West Virginia IAFF affiliates have been waging a decades-long effort to convince city leaders to provide fire fighters with the holiday pay they have legally earned. A recent West Virginia Supreme Court ruling in favor of fire fighters in Martinsburg may compel those cities to stop fighting and pay up.
The West Virginia Supreme Court of Appeals in late August granted Martinsburg Local 805’s motion to dismiss an appeal filed by the City of Martinsburg challenging a lower court’s ruling that holiday pay must be based on fire fighters’ actual time on the clock.
Fire fighters throughout West Virginia work 24-hour shifts; under state law they should be paid time-and-a-half for holidays. Some cities, however, have only compensated fire fighters for 12 hours in holiday pay (pay for an eight our shift, plus four hours of overtime).
While Martinsburg Local 805 has tried to resolve the matter with the city through mediation – and even offered a proposed settlement lower than the backpay they are due – the city has balked and instead spent tens of thousands of dollars fighting in court.
A similar battle is playing out in Morgantown, West Virginia, where Local 313 sued the City of Morgantown in 2019 over unpaid holiday pay as well. In anticipation of a judge’s ruling in favor of the fire fighters, the city began paying the proper level of holiday overtime. Now Local 313 is seeking to compel the city to pay up for unpaid holiday overtime pay for five years prior to 2019.
The decades-old holiday pay statute applies to every professional fire fighter in West Virginia. The dismissal of the appeal now paves the way for cases to proceed across the state. Some cities, such as Charleston, have been able to resolve their holiday pay disputes in negotiations and without litigation. Like Martinsburg and Morgantown, affiliates in Parkersburg and Huntington find themselves battling in court with their cities.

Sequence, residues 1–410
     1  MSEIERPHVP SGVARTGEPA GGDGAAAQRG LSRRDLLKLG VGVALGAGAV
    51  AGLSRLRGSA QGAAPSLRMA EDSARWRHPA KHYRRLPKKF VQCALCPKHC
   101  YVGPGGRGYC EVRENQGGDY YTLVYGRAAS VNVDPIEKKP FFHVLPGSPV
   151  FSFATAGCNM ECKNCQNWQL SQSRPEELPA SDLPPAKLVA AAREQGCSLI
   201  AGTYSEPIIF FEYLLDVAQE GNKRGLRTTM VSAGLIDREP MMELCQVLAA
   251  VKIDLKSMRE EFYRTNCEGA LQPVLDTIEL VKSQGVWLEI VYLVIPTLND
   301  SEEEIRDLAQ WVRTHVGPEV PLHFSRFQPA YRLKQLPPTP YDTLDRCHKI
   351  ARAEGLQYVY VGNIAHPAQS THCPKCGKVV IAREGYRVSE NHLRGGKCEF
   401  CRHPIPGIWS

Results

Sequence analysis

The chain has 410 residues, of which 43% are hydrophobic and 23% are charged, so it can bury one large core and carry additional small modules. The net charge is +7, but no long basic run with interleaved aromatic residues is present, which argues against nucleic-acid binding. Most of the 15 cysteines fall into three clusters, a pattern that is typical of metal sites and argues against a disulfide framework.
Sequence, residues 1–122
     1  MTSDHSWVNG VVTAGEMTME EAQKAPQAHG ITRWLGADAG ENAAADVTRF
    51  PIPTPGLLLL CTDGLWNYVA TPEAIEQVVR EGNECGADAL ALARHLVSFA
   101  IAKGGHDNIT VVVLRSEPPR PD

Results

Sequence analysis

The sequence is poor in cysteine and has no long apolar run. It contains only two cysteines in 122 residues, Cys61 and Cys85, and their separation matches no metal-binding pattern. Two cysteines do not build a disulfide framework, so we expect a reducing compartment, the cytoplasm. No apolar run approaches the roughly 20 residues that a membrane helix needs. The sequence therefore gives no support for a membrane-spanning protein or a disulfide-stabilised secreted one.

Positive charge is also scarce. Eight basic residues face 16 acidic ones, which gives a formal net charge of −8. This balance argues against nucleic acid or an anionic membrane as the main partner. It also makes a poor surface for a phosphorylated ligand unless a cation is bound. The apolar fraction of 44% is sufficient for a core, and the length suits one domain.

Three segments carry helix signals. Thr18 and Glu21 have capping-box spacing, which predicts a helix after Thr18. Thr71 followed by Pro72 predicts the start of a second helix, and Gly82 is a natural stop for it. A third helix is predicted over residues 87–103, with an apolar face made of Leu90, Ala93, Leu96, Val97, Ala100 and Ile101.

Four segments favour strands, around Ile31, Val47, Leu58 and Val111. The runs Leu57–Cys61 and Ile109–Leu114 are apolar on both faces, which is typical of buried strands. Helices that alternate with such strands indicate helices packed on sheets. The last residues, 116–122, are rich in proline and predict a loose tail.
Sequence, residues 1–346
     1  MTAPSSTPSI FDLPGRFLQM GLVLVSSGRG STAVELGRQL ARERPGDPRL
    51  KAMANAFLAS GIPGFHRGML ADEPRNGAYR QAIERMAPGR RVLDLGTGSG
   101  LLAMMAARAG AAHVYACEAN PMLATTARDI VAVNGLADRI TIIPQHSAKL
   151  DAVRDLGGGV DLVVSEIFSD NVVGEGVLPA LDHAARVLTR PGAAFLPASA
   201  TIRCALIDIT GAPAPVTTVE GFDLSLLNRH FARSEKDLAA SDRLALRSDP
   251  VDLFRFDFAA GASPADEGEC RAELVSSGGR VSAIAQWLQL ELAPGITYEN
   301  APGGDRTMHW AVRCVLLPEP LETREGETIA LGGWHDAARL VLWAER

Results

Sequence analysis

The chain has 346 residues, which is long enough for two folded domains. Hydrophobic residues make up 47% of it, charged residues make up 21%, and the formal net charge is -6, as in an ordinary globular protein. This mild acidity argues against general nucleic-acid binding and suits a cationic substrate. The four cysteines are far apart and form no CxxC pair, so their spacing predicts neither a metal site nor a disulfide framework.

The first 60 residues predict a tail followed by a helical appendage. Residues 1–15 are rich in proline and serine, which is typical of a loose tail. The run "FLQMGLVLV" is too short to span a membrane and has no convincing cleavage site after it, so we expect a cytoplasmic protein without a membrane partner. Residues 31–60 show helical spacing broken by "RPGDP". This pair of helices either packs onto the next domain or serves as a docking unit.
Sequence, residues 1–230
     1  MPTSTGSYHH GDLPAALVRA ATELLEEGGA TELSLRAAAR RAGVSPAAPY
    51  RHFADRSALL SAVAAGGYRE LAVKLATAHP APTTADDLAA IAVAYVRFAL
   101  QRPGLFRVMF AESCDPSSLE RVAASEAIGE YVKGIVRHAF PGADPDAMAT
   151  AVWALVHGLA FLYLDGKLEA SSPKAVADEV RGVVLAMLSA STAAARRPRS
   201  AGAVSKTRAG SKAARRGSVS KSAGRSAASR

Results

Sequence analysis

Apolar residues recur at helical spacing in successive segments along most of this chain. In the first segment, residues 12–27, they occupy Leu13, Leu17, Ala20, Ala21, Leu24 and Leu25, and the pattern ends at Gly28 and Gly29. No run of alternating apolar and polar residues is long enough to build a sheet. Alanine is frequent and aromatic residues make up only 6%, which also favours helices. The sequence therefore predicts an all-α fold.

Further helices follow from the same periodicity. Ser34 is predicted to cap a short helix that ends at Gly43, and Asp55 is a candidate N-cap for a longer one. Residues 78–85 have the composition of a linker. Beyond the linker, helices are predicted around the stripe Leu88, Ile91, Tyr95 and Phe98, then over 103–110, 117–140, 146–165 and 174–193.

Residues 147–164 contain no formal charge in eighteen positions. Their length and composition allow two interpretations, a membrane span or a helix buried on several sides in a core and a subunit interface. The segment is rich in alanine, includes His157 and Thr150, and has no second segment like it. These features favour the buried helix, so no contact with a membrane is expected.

“We have been fighting to get this holiday pay issue rectified for years. This Supreme Court ruling is good news, but the fight to get cities to fairly compensate fire fighters is ongoing,” says Professional Fire Fighters of West Virginia Secretary-Treasurer Jayson Nicewarner.
According to Teresa Toriseva, an attorney representing IAFF affiliates statewide, the Municipal League and association of city administrators has adopted a strategy of fighting the holiday pay disputes through lengthy and costly court battles. She suggested cities change their tune and consider settling now that the West Virginia Supreme Court has made its ruling.
Public sentiment in the state appears to be heading in that direction. An August 31, 2021, editorial in the Morgantown Dominion Post noted that the City of Morgantown and its fire fighters were only about $250,000 apart in their dispute over holiday pay.
The editorial stated: “It’s absurd the City of Morgantown would rather spend years litigating and paying lawyers’ fees than just meet the IAFF local’s request. At this point, probably far more than that quarter of a million-dollar difference has been spent on legal fees. If anything, the city should be grateful the fire fighters are willing to settle for less than they are owed.”
Toriseva is confident that West Virginia affiliates will win this battle, though notes the issue is about more than just holiday pay.
“West Virginia’s professional fire fighters make our cities safer. They deserve to be paid according to the law. Retaining veteran fire fighters and recruiting new ones relies on accurate and fair pay. It’s about fairness and public safety,” Toriseva says.